The opinion of the court was delivered by: BUCKLO
On February 15, 1996, plaintiff, ING (U.S.) Securities, Futures & Options, Inc. ("ING"), filed its complaint against defendants, Bingham Investment Fund, L.L.C. ("Bingham"), Ronald A. Klein, and Gary A. Shiffman, claiming fraud and breach of contract. In the complaint, ING alleges the following facts. ING is a futures commission merchant that executes and clears commodity futures and option transactions for customers on various exchanges. Bingham is a limited liability company. Mr. Klein and Mr. Shiffman, Michigan residents, are members of Bingham. Mr. Klein is also a manager of Bingham. In November, 1994, Bingham opened a commodity futures and options trading account (the "Account") with ING's predecessor. On January 9, 1996, Messrs. Klein and Shiffman engaged in a series of trades in futures contracts that resulted in a deficit balance in the Account. This deficit balance gave rise to ING's lawsuit. Mr. Klein and Mr. Shiffman have filed a motion to dismiss count II of the complaint in which they contend that this court lacks personal jurisdiction over them.
ING bears "the burden of establishing a prima facie case for personal jurisdiction." Michael J. Neuman & Associates, Limited v. Florabelle Flowers, Incorporated, 15 F.3d 721, 724 (7th Cir. 1994). In order to have personal jurisdiction over a nonresident defendant, it is necessary to determine whether exercising jurisdiction would satisfy the due process requirements of the United States and Illinois Constitutions. See Chemical Waste Management v. Sims, 870 F. Supp. 870, 873 (N.D. Ill. 1994).
Mr. Klein and Mr. Shiffman argue that even if asserting jurisdiction over Mr. Klein would fulfill the due process standards of the U.S. Constitution, Illinois' due process standards would prohibit jurisdiction via the fiduciary shield doctrine. This doctrine prohibits the exercise of personal jurisdiction over a nonresident defendant whose only contacts with Illinois "were solely on behalf of his employer or other principal." Rice v. Nova Biomedical Corp., 38 F.3d 909, 912 (7th Cir. 1994), cert. denied sub nom Nova Biomedical Corp. v. Rice, 131 L. Ed. 2d 855, 115 S. Ct. 1964 (1995). Mr. Klein and Mr. Shiffman attach the affidavit of Mr. Klein to their motion to dismiss. In the affidavit, P 6, Mr. Klein declares that
on all occasions up to and including January 9, 1996, my contacts with [ING's predecessor] and ING have been solely in my capacity as a representative of Bingham. I have had no contacts with [ING's predecessor] or ING in my individual capacity or on my own behalf.
Mr. Klein's assertions are uncontradicted. Consequently, Mr. Klein is shielded from jurisdiction in this court unless he is subject to an exception to the fiduciary shield doctrine.
As ING contends, courts refuse to apply the fiduciary shield doctrine to a defendant who is the alter ego of the corporation for which he is the agent. See Brujis v. Shaw, 876 F. Supp. 975, 979-80 (N.D. Ill. 1995). In Illinois, an individual is the alter ego of a corporation when two requirements are met:
First, there must be such unity of interest and ownership that the separate personalities of the corporation and the individual ... no longer exist; and second, circumstances must be such that adherence to the fiction of separate corporate existence would sanction a fraud or promote injustice.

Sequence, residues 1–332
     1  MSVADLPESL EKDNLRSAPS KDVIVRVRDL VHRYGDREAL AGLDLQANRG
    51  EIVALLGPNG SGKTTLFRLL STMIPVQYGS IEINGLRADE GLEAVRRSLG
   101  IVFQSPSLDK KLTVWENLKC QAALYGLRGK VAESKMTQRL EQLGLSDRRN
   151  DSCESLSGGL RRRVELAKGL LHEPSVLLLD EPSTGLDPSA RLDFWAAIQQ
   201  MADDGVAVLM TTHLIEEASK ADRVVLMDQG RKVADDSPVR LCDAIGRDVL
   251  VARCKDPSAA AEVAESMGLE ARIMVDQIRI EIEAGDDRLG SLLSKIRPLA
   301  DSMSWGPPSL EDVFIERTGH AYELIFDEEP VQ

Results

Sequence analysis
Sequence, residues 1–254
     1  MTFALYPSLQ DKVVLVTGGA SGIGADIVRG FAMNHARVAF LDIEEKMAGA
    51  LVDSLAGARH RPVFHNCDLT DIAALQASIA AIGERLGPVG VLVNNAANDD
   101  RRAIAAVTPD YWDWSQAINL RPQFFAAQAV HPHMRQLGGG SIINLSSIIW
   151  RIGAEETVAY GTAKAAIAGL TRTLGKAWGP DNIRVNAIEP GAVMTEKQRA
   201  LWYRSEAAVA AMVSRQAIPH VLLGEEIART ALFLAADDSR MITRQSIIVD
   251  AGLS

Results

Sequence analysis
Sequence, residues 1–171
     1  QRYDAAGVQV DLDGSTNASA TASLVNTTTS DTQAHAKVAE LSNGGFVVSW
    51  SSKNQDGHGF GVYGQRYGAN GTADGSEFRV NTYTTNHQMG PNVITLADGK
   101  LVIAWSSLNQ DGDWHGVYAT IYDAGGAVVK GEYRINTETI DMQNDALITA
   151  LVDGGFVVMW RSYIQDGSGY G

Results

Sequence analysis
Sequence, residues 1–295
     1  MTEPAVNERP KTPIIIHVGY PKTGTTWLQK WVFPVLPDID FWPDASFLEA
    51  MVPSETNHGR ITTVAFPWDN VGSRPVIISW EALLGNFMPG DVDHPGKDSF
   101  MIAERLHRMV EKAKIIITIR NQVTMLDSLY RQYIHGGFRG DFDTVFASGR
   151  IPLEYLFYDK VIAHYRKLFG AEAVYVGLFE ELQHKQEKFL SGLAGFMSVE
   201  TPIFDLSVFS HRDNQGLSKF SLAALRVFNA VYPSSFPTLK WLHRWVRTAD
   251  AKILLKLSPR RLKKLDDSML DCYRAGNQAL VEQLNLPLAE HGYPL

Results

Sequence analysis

ING argues that Mr. Klein and Mr. Shiffman treated the assets of Bingham as their own by withdrawing money from Bingham to pay for personal expenses. In support of this argument, ING cites only to the allegations of its complaint. The "allegations in [a plaintiff's] complaint are to be taken as true unless controverted by the defendants' affidavits ... ." Turnock v. Cope, 816 F.2d 332, 333 (7th Cir. 1987). In his affidavit, Mr. Klein asserts:
4. Bingham maintains, and has always maintained, the necessary corporate records. Bingham does not commingle, and has never commingled, its assets with the assets of either Shiffman or myself. Bingham maintains a banking account that is separate and distinct from the banking accounts maintained by Shiffman and myself.
5. Shiffman and I do not treat, and have never treated, the assets of Bingham as our own. Neither Shiffman nor I use the assets of Bingham to pay our personal expenses.
Based on Mr. Klein's uncontradicted affidavit, I cannot conclude that there was sufficient "unity of interest and ownership" between Mr. Klein and Mr. Shiffman on the one hand and Bingham on the other hand to find that Mr. Klein and Mr. Shiffman were the alter egos of Bingham.
Consequently, the fiduciary shield doctrine prevents me from asserting personal jurisdiction over Mr. Klein.
The fiduciary shield doctrine does not deny personal jurisdiction over an individual who acted to "serve his personal interests" instead of the interests of his principal. Rice, 38 F.3d at 912 (citation omitted). Because Mr. Klein's affidavit does not state that Mr. Shiffman acted as a representative of Bingham, I will inquire whether asserting jurisdiction over Mr. Shiffman would satisfy due process requirements. The only actions that ING alleges that Mr. Shiffman took were signing two acknowledgment forms, attached as exhibit E to the complaint. ING neither alleges in its complaint nor provides an affidavit stating that Mr. Shiffman sent these documents to ING, instructed that the documents be sent to ING, or knew that the documents were sent to ...